The prospect of working on an international assignment for any length of time can bring feelings of both excitement and uncertainty. The information below is designed to provide a brief insight into the issues that should be considered when taking on a foreign assignment. Specifics will vary by location and situation. More detailed advice, particular to the individual assignment, should be discussed with HR, once the terms of the assignment have been determined.
It is important to remember that moving overseas to work is very different from relocating in the US or Canada and that adequate preparation for an assignment in another country is necessary for you and your family, as well as the University.
Areas for consideration include:
It is important to learn what passport, visa, and immunization information is necessary for entry as well as what identification you are required to carry on your person. Refer to the Travel section of the website for more specific information on travel logistics.
You may need to open a local bank account for your personal banking needs. If possible, use your personal US bank to arrange an introduction with a local bank through their international network. A letter of introduction and confirmation of your account in the US could be very useful.
Certain documents that may be needed should also be taken with you. For example, your birth and marriage certificate are generally essential if you intend to open a joint account with a spouse and a recent utility invoice is also commonly requested. Refer to the International Banking section for more information.
It is also recommended that you take at least one credit and/or bank card that will allow you to withdraw funds directly from a US account while a local account is being established. In certain countries, credit and debit cards that are drawn on US banks may not work or, in the case of sanctions, may be blocked by the US Office of Foreign Assets Control (OFAC). You should check with your bank and OFAC before departure to ensure usability.
It is always advisable to study the language of the host country well before departure; however, at minimum, learn common conversational phrases (greetings, asking directions, making simple purchases, etc.) that will help with basic needs when you arrive. It will also make a good impression on your hosts.
Understanding some of the local customs and culture is important for socializing as well as doing business. Many common customs in the US can be considered rude or offensive in other countries. In addition, it is useful to understand food habits, appropriate conversation topics, and gift-giving protocol.
When working in another country, local laws as well as local culture and customs can add complexity to this issue. However, you are expected to maintain the highest standards of honesty and integrity in all activities, both personally and professionally. This includes avoiding conflicts of interest and commitment, dealing with others honestly and in good faith, preserving confidentiality, making timely and accurate public disclosures, and complying with applicable laws, rules, and regulations.
Gathering as much practical information as you can about housing, schools, transportation, medical facilities, recreational activities, living costs, and available goods and services can help reduce anxiety and ensure you know what possessions to bring. Speak with expatriates who have already experienced working abroad to explore how to enjoy an active lifestyle with new friends and activities, which is especially critical if you have an accompanying spouse who will not be able to work abroad.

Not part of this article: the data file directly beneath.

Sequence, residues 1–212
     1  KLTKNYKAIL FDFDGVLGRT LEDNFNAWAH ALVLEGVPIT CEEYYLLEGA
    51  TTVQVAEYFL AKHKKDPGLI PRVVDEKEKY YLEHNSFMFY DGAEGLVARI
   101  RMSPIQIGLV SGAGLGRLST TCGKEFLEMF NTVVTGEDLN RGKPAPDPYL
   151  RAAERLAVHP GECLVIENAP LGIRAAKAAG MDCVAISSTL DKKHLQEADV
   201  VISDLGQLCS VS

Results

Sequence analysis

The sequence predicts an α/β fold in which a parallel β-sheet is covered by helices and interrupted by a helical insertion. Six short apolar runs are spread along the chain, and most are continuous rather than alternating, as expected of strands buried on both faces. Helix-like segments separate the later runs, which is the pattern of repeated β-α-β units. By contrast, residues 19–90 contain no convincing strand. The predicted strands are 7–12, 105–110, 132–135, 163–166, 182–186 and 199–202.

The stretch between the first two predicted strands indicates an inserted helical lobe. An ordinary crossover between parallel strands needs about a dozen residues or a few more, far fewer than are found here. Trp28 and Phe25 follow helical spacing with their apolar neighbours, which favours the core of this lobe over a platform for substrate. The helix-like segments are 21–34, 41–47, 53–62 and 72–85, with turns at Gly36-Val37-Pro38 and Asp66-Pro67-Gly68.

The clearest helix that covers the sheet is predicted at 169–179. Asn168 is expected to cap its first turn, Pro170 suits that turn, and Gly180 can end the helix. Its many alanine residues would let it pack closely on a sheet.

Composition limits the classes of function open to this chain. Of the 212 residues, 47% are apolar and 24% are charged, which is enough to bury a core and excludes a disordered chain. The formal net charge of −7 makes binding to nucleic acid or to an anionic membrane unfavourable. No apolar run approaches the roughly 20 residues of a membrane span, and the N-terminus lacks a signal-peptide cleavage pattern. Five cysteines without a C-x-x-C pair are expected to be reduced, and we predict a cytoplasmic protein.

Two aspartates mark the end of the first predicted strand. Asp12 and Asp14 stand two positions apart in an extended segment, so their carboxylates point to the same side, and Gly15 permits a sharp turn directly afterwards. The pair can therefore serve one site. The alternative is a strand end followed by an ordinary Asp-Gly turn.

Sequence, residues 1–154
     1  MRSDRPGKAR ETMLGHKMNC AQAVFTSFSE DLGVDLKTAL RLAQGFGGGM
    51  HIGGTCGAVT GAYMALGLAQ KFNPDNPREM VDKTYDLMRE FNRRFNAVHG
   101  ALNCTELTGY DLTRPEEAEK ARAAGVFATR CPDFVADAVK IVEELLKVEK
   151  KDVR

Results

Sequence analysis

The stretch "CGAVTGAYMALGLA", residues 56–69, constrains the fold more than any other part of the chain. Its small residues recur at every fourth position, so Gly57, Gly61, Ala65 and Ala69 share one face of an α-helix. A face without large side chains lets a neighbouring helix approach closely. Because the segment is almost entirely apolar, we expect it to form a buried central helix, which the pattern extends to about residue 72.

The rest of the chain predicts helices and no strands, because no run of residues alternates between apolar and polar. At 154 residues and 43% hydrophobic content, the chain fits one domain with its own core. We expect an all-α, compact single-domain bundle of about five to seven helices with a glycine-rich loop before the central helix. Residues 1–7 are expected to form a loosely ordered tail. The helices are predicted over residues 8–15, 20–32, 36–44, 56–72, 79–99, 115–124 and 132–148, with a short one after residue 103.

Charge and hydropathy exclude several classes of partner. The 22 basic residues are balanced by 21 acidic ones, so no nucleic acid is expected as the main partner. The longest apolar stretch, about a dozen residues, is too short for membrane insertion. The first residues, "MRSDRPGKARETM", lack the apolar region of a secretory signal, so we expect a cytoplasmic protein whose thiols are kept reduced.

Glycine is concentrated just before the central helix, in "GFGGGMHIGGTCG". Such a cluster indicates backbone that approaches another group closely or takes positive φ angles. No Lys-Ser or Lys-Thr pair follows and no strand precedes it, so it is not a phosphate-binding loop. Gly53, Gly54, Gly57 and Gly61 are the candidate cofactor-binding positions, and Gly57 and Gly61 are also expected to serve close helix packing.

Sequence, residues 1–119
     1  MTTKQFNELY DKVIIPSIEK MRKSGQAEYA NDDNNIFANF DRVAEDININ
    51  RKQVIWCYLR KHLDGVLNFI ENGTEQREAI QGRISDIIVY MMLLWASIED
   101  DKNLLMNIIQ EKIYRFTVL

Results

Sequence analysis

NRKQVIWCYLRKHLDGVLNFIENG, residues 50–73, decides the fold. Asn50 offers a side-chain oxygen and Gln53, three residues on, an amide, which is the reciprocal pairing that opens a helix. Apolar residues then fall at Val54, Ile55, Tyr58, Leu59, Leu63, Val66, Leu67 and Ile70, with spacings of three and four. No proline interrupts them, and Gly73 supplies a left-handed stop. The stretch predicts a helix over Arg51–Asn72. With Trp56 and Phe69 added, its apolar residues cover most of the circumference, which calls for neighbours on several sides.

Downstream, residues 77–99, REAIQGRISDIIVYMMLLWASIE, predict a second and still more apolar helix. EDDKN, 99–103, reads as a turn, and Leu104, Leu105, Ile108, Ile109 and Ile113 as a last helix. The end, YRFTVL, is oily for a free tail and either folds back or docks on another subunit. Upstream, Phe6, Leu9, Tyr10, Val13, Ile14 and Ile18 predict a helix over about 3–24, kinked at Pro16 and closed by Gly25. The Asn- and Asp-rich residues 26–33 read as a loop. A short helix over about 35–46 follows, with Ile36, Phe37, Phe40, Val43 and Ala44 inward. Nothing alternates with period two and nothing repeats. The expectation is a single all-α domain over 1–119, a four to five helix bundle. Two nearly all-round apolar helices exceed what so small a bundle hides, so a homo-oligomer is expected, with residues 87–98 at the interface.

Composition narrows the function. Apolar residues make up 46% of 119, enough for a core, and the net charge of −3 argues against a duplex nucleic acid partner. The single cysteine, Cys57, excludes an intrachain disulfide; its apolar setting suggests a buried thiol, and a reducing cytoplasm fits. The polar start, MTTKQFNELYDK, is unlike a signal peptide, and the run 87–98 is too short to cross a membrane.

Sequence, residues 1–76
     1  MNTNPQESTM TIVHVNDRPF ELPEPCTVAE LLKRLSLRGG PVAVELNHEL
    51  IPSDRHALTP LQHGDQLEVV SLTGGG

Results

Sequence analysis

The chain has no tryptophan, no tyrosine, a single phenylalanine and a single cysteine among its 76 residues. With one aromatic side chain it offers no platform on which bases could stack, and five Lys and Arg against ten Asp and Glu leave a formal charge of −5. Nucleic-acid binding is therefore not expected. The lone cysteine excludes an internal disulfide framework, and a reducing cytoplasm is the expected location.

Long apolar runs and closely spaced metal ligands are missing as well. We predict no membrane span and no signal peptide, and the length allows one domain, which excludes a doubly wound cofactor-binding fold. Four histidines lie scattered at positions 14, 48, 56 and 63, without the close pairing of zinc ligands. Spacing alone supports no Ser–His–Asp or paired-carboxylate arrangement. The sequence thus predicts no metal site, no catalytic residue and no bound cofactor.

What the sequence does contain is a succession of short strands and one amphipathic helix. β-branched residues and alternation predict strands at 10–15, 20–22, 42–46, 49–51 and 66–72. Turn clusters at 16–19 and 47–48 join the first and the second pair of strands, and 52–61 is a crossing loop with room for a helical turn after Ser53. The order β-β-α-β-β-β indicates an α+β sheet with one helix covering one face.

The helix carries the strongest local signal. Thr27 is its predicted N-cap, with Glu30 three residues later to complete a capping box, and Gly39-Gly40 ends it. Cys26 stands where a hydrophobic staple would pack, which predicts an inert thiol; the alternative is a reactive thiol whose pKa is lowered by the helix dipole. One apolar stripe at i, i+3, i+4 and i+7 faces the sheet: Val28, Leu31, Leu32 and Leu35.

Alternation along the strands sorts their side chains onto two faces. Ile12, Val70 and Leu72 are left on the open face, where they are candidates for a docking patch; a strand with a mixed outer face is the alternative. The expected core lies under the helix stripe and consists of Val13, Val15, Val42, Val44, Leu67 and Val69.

As a US citizen or resident alien, your income is generally subject to the same income tax and tax return filing requirements as if you were living in the US. However, there are several income tax benefits which may apply if you meet certain requirements while living abroad.
Depending on the length of your assignment, you might become subject to tax in your destination country as well; however there are ways of mitigating exposure to double taxation. There may also be filing requirements in the country of assignment, including arrival and departure documentation and foreign tax returns.
The Tax section of the Global Programs website has more information on how to manage tax compliance abroad; however ultimately, it is your responsibility to ensure that you are tax compliant both in the US and your country of assignment. You should seek professional advice on the taxation implications of your international assignment, as the University does not provide such advisement and does not cover potential additional tax costs related to personal income. A useful resource is the IRS’s guide to International Tax Considerations.
In countries where social security reciprocity agreements (also called totalization agreements) are available, US Social Security and Medicare taxes continue to apply to wages for up to five years. Proof of exemption from paying social security in the country of assignment must be provided to the appropriate foreign authorities by means of a certificate of coverage (which certifies continuing coverage in the US). More information on international Social Security agreements abroad is available through the US Social Security Administration.
There are benefits issues to be aware of as well when working abroad for an extended period:
- Pension: Certain countries may require that you participate in a mandatory pension scheme.
- Medical: BU offers a Blue Cross Blue Shield Out-of-Country Plan to employees; however, delivery of medical insurance coverage by a host country may be offered through:
- free medical services
- a medical plan
- a specialized international health plan
- an extension of their normal coverage (depending on the availability of services)
Human Resources should be consulted for any questions or concerns regarding provision of benefits abroad.